Opera North’s production, its first ever, inevitably invites comparison. I can report that it most certainly was not found wanting on the singing front. Starting there, where it matters, the pairing of Rafeal Rojas and Annemarie Kremer delivered high octane emotional and vocal punch. Mexican Rojas in the title role may look a trifle on the old side for the part but his macho, passionately voiced, stage-commanding rendering could convince audiences that a besotted woman might, literally, lose her head for him. Giordano writes most of the music for this major tenor role in the upper part of the middle voice which is normally the strongest so he clearly wants a big sound when called for. One of the most famous interpreters of the role was Mario del Monaco in the mid C20th who had a reputation for being the loudest tenor in the world. Rafeal Rojas is a tenor for whom the role might well have been written. Not only has he a big sound but when required to soar up into the head register, which he frequently is, he crosses over not only seamlessly but hits the top notes with ease, security and thrill. This was just as well because there are no less than four major occasions that require vertiginous scaling of heights to climactic vocal peaks.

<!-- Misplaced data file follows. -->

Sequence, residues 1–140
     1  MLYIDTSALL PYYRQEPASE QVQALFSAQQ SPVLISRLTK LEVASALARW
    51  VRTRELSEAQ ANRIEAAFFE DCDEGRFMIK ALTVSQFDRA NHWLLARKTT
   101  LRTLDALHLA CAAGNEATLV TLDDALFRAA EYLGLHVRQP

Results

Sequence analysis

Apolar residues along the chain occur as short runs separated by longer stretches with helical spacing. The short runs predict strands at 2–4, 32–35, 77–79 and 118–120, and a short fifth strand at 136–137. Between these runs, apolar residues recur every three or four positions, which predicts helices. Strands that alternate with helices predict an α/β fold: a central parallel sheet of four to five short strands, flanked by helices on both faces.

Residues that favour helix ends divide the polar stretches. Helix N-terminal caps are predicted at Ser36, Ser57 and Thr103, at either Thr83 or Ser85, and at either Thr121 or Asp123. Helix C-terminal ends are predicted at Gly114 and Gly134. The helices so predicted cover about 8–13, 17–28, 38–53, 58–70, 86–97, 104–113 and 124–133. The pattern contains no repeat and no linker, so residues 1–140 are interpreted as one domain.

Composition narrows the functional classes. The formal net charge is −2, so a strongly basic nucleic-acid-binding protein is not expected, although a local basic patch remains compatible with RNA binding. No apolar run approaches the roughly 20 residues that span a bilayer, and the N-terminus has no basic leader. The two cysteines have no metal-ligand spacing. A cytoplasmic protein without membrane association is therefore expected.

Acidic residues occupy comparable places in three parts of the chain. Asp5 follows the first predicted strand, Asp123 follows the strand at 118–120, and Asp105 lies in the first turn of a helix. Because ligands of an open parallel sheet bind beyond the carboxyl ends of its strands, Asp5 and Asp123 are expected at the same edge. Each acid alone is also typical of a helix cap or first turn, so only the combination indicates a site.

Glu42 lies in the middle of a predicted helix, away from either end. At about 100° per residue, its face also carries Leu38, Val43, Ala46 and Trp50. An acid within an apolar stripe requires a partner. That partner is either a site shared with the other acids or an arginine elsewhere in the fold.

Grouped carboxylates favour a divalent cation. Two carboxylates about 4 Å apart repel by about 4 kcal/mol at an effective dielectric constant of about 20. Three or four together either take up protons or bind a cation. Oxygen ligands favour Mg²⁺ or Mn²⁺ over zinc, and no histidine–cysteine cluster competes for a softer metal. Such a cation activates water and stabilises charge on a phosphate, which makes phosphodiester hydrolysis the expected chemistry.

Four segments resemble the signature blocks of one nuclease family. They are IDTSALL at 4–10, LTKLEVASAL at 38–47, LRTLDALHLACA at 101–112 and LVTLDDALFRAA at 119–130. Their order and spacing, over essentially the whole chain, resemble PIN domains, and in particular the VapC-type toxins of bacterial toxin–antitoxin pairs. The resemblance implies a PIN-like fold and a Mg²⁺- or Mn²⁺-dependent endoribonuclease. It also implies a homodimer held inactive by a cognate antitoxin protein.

Annemarie Kremer has behind her two of opera’s most demanding soprano roles: Norma and Salome, both well received, so she was not likely to struggle with that of Maddalena. Meeting vocal demands is one thing but delivering a performance that moves is another. She is a consummate all-round acting opera singer and she took us convincingly from innocent, privileged aristocrat through a fall from grace to poverty, anxiety over the possibility of arrest, sense of loss from family bereavement as well as separation from a lover who is sentenced to death and ends up finding a form of redemption by choosing to die with him. Vocally she showed, particularly in her third act aria “Mama morte”, that she can convey emotion with nuance, subtlety and lyricism as well as power. When called upon to soar to the top of the range she made a perfect match for Rafael Rojas.